Alaskan mariculture gets $49M grant, registers 27% growth
Also: how to get costs down for seaweed cultivation and nurseries?
The Alaska Mariculture Cluster won a $49 million US federal grant this September to boost shellfish and seaweed aquaculture in Alaska.
“The past two governors have had a working group, the mariculture task force, that provided a really good framework and blueprint for how this industry could grow to be a $100 million industry in the next 20 years at the pace it was going. An opportunity like this allows us to hit the fast forward button and do that in much less time.”
Complementing the grant are a new strategic research plan and an assessment of seaweed processing locations in Alaska published earlier this year.
The Alaska mariculture cluster projects a 58 million pounds (26 000 tonnes) harvest by 2030. In 2022, growers in Alaska harvested a reported 556,750 wet lbs (253 wet metric tons), up ~27% from 2021.
Currently there are only 8 active farms out of 24 fully permitted ones, with an additional 23 licenses under review. That means we’re likely to see a further rapid increase in Alaska production.
What really sets Alaska apart from the rest of the US is the political buy-in at the state level. Besides grants for research and industry and the setup of the Alaska Mariculture task force, this is most obvious in the time it takes to get a license for a seaweed farm approved in Alaska.
Sugar, winged, or bull kelp?
82% of Alaska’s 2022 harvest was sugar kelp, 18% winged kelp. Most of this year’s harvest was frozen before being sold to food companies for further processing, with a noticeable uptick in volumes going to animal feed (reportedly ~80,000 lbs) and biostimulants.
However, According to Dr. Tiff Stephens, wild harvested bull kelp is Alaska’s most successful kelp for commercial sales. That business could disappear soon, as conservationists are seeking endangered species protection for bull kelp. While protection sounds like good news, since it would protect the remaining bull kelp from trawling for the alginate business, it could also turn out to be counterproductive, as the inclusion in the endangered species act will likely restrict bull kelp aquaculture and restoration projects.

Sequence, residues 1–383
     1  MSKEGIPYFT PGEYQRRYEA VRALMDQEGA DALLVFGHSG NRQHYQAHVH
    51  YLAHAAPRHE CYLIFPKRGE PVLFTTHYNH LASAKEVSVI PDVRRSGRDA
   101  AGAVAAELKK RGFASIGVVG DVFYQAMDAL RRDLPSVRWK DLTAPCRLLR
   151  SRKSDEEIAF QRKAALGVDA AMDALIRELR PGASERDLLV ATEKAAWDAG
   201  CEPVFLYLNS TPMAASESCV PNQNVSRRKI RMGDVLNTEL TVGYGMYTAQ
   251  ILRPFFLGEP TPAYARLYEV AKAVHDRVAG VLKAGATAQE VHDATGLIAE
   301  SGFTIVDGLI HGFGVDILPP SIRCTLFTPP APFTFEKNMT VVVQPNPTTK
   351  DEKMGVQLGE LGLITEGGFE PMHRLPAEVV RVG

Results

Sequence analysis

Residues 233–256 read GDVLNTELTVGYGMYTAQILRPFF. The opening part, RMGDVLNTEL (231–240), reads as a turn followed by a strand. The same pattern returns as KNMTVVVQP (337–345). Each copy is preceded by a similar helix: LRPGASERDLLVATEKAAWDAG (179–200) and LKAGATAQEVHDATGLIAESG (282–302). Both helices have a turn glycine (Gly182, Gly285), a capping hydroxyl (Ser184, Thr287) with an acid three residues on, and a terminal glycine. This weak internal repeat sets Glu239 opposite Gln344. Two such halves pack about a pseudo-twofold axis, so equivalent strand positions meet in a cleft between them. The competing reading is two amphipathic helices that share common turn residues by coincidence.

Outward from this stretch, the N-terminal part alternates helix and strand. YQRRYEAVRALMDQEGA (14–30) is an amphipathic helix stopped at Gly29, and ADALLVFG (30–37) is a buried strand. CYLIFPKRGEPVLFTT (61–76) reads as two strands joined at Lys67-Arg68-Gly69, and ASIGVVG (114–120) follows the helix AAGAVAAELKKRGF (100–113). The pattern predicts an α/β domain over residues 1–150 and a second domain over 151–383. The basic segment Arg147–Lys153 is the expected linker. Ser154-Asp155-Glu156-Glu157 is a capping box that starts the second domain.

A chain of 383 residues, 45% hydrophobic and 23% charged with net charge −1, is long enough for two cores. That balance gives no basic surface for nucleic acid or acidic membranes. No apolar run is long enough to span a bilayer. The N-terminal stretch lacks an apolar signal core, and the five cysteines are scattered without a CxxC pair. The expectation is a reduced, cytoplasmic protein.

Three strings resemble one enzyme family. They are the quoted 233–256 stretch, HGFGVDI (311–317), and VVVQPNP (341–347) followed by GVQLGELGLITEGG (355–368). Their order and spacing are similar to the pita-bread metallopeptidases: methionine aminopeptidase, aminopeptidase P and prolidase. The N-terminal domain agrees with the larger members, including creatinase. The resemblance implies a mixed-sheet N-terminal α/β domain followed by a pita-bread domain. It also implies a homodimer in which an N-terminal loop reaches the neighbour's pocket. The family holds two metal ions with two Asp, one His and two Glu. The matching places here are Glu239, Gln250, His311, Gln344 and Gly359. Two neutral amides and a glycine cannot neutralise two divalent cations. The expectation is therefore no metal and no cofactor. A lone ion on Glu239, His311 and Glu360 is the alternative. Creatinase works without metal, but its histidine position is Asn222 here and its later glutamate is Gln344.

Comparing to Maine and Norway
Drawing together newly published numbers from Maine and Norway’s cultivated seaweed harvest, here is how Alaska compares.
How to get costs down?
Seaweed cultivation in Europe and North America is expensive.
Should seaweed cultivation be done in large-scale farms or by cooperatives of small-scale producers? Like with other forms of food production, this is a debate that will not see a resolution any time soon. But in terms of profitability, at current technology, the larger the farm, the more profitable.
Labor is the biggest cost in the North American seaweed industry. Another recent study modeled a 22% decrease in the production cost of North American kelp by optimizing harvesting efficiency.
If you are running a nursery, once again, scale is going to have the biggest impact on your bottom line. Reducing the duration of grow-out is another critical research priority to reduce costs in future.
One more innovation to get costs down: researchers at the Woods Hole Oceanographic Institution have developed an automated underwater seaweed seed-string deployment device that eliminates the need for grow-line attachment and detachment which will allow farmers to seed much faster than traditional methods. The method substantially lessens the time the seed spool spends in the air, reducing the time of exposure to the elements from minutes to seconds to increase seedling survivability. Removing the above-surface component from seeding will also increase the weather window in which seeding can occur.
Automation finds success in India
Finally, automation is also what Sea6 Energy have been working on for the past 10 years in India and Bali, building a seaweed harvesting tractor and automatic planting machine, among other things. Their recent $18.5 million Series B from Aqua-Spark and BASF shows that investors see promise in the automation of tropical algoculture.
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